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“The Wind from the Plain” is the first part of a wonderful trilogy by Yaşar Kemal, which will allow us to fully discover rural Turkey and its extraordinary hidden charm.
The Wind from the Plain
The first book of the trilogy The WInd from the Plain, which appeared in 1960 and translated in over fifteen countries, introduces the reader to the real and mythical world of the semi-nomadic people of the Taurus at one time. The daily struggle for survival and the powerful popular imagination come together in the minimal yet heroic events of the “black mouths” and “red heads”.
War and poverty, work in the fields and love, faith and fear of death, the poetry of wandering singers and the desire to escape from the reality of a people for centuries accustomed to fighting against a wild and inhospitable nature assume the relief of a legendary epic. With a lean, effective and extraordinarily beautiful writing style, Yaşar Kemal narrates the adventurous journey to the plantations of Ali and his family between courage and despair.
The wonders of rural Turkey
Yaşar Kemal’s novel will give us the opportunity to fully enter the Taurus Mountains and Çukurova, places often overlooked in favor of Istanbul and the coast, but which reserve an overwhelming charm. Because of Ali’s journey, in fact, we will be immersed for most of the novel in this almost legendary nature and with which man has a direct and constant confrontation. Despite being set in the 1960s, in fact, the villagers are still linked, also through poverty, to the customs of the past, having to deal with needs that today we hardly imagine.
The long journey of Ali and his family, also disadvantaged by the death of the old
I wanted to insist on the first point because, at the plot level, it is the focal point of this first book, even from the latter, however, it is clear that Yaşar Kemal’s intent is to voice the injustices suffered by local farmers , often victims of figures who seem to have emerged from the last century. It was precisely with this text, in fact, that I discovered the existence of the Muhtar, a figure we will discuss better this week but who essentially acts as an intermediary between peasants and the state.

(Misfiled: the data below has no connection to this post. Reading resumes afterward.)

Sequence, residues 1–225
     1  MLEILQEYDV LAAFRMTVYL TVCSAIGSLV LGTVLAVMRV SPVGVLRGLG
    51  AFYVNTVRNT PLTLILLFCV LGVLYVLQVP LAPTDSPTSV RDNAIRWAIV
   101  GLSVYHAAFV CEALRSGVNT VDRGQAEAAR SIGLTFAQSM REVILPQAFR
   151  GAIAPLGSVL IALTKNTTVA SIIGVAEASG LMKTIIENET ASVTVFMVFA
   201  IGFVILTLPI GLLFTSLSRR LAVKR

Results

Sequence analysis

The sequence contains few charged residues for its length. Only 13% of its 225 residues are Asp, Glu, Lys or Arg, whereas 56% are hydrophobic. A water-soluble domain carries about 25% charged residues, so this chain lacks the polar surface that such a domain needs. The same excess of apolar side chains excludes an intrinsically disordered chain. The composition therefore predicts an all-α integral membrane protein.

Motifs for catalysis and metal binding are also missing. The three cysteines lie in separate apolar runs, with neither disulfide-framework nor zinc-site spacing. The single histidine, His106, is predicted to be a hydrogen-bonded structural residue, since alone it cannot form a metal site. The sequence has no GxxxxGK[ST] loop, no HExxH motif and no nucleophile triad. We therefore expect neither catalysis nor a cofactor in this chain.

The novel takes advantage of Ali’s grueling journey to create the perfect climax, with a final twist that will show us the nature of this Muhtar and prompt us to immediately buy the next book in the series.
Personally, I loved the book and found in its characters extraordinarily authentic and capable of a truly rare depth in literature. The trip, in fact, will be the perfect opportunity to get to know each of them better, showing a nature as stubborn as it is true and an extremely interesting connection between the various members of the family. In fact, starting with the death of her horse, Meryemce will hate her son Ali more than ever, but she is forced to rely on his shoulders to be able to reach Çukurova, the real “Promised Land” of the novel. Her stubbornness, combined with a not indifferent dose of cazzimm ‘, will make her a character able to even bring a comic verve to the novel, avoiding monotony for the reader and making everything more alive and real than ever.
Ali in turn represents almost a sort of saint, more than ever in love with his mother and willing to make excruciating sacrifices, but without having his feet put on his head. There will be times when his son, like Meryemce, will even go so far as to invoke divine punishment for his mother, without however stopping to always rush to her aid. However, Elif, Ali’s wife, Koca Ali and Muhtar himself must also be mentioned, all characters perfectly fitting for the role they play but always real and full of that unpredictability that only a great author can instill.
Fall in love with an author
Unfortunately, I didn’t have time to include it in the list of the best books of 2020, but it will certainly be in that of the best of 2021. Kemal’s text is objectively extraordinary for what it is able to convey, managing to make it compelling and more than ever enjoyable every passage of the novel. In this first book, as I said, the attention will be concentrated for at least 3/4 on the journey through the Taurus mountains, yet there is no moment in the novel when it is difficult to move forward, managing to make the forest and its nature something extraordinarily compelling.
The fact that it is set only in the 1960s, then, makes it a very precious text for understanding rural Turkey, a place that sometimes you pretend not to see, but that represents the real beating heart of the country. was able to conquer me in the depths of my heart, so much so that I already bought the following books of the trilogy, the fear of being without one of the three texts was too great.
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